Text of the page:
One Big Move: Conejo Valley High School fights for a permanent and independent facility

High School is difficult; the relationships, the studying, the maintenance of grades. For some students, this pressure can lead to an inability to succeed academically or emotionally in such an environment. However, they have a safety net: continuation schooling.

A continuation school is an alternative educative environment for students who would not be able to succeed in a traditional public school environment. Continuation schools exist across the country, and the Conejo Valley has its own: Conejo Valley High School.  

Conejo Valley High School (CVHS) is one of the oldest schools in the Conejo Valley. However, a few years ago, the Conejo Valley School District (CVUSD) sold the land on which CVHS sits. The school district also forgot to created a plan on to where the 100 or so CVHS students will go.

The district was leasing the site for $25,000 per month–the plan needed to be decided upon as 2017 began.  

One initial option was to move the kids to Horizon Hills, where a preschool currently resides. The idea had huge parental backlash. A new proposed solution was to move the campus to Waverly, an adult continuation school. This was also met with backlash, but from students and teachers. Then was the the proposal to move CVHS to Thousand Oaks High School (TOHS). Again, this was met with even stronger resistance and criticism from CVHS and TOHS faculty as well as CVHS students.

The reason that students are enrolled into continuation schools, faculty and students argued, is to keep them away from the common public school environment. To bring CVHS to TOHS would contradict the purpose of a continuation school.

“The students have made it crystal clear that they have a couple of requests. They said ‘Please find us a site that maintains our independence. Please find us a site that maintains our sense of identity.’” said school board president Mike Dunn.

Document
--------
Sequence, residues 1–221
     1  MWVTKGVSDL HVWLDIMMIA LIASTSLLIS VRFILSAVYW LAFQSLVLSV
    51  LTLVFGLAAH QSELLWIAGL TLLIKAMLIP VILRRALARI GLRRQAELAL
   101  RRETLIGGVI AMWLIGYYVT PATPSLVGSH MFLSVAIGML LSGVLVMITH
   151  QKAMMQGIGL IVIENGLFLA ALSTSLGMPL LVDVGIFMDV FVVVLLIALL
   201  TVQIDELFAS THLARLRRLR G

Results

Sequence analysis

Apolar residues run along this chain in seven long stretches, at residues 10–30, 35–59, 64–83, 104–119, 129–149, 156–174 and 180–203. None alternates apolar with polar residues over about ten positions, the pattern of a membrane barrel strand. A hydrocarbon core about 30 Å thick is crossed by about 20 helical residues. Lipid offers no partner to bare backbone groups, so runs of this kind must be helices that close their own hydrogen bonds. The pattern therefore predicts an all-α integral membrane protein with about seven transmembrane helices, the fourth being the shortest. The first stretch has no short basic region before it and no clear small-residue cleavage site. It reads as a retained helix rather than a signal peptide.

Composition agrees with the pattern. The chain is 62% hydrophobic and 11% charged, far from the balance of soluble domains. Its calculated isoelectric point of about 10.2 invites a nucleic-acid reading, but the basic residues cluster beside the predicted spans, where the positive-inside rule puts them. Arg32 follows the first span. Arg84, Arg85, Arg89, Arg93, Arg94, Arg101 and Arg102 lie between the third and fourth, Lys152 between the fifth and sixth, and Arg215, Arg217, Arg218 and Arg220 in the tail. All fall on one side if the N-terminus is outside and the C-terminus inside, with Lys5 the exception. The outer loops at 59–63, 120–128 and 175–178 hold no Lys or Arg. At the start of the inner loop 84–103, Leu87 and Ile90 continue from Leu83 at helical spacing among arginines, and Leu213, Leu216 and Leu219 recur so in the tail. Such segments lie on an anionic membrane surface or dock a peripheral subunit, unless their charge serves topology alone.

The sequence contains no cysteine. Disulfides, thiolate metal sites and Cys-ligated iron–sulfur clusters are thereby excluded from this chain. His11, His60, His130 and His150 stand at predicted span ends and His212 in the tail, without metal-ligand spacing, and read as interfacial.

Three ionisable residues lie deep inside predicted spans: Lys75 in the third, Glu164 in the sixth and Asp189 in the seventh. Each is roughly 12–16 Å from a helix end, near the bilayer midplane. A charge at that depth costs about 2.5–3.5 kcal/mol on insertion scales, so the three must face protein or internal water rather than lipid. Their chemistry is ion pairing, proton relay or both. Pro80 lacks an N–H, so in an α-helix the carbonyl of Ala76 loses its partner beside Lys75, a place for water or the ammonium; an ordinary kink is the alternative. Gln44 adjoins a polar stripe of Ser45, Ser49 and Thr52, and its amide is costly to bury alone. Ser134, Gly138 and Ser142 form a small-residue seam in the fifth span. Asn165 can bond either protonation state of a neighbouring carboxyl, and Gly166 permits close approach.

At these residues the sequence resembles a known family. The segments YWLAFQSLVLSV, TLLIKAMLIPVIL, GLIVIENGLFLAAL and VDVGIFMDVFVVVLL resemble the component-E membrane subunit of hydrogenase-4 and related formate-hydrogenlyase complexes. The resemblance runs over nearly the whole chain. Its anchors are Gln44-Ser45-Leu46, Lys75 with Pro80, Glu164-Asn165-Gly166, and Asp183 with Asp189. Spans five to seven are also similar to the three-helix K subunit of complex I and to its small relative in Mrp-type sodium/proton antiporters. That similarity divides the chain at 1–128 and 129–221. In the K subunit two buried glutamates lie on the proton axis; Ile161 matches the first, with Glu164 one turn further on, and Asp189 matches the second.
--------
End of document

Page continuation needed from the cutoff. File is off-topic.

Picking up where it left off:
By moving CVHS to TOHS, the independence and sense of identity in CVHS students would be disrupted.

During a Feb. 21, 2017 board meeting, school board member Sandee Everett proposed a new solution: move the location of CVHS to the South Building of the Jannes Rd. District Office. The South Building of the District Office was previously a school, but was currently unoccupied.

“It’s been over a year since we’ve been trying to find a solution,” Everett said.

The move was planned to take place in August, as to allow students to finish the current school year on the current property. They would then begin the next school year at the new location.
The proposed location of the district office would also have the benefits of having already up to code infrastructure and being close to the Thousand Oaks Teen center, library, senior center and a bus stop. This would give teachers the opportunity to incorporate service projects into the classroom and, although the new bus routes and commute plans have yet been planned, a simple transportation solution.
The move itself is one of the most concerning aspects of the matter. Since it is the most cost-effective decision, Everett believes that movement is unavoidable, and recognizes that moving is difficult for both students and staff.

“There is gonna be a certain difficulty in moving over there and starting anew, but no matter where we move them, there’s always going to be some kind of impact,” Everett said.

She is confident that the CVHS staff will play a key role in maintaining the positive atmosphere and effective learning environment.

The CVHS staff is specialized in supporting the specific needs and obtuse schedules of its troubled students. The school is effective, and boasts a 97 percent save rate of its students.

Aaron Loy, CVHS graduate, felt that he did not fit in when he attended Westlake High School.  
“I wasn’t up to date, I had street clothes. I didn’t look good. I always got looks like ‘what is this kid? He looks like he belongs in the garbage,’” Loy said.

He describes CVHS as more socially accepting, and having “no slander, no prejudice and certainly, I could not find anyone who would sell or give or solicit drugs”.

Small classes, with around 20 to 25 students, make the learning experience of continuation schools personal and effective.

“The staff, they treated me like family, and they cared for me. Even though I was rebellious, even though I caused problems, they did not give up on me,” Loy said.
The benefits of the continuation school onto the community are evident. As such, the continual success of the program is important.

CVHS has brought courage and pride not only to me, but I have pride in my own school. And I can can hold my head up high and say that I come from the school that led me on the correct path,” Loy said.

During the March 21, 2017 school board meeting, the CVUSD school board made a final decision on to where CVHS should go. The board unanimously decided on one big move of CVHS to the South Building of the Jannes Rd. District Office.

Leave a Reply

Your email address will not be published. Required fields are marked *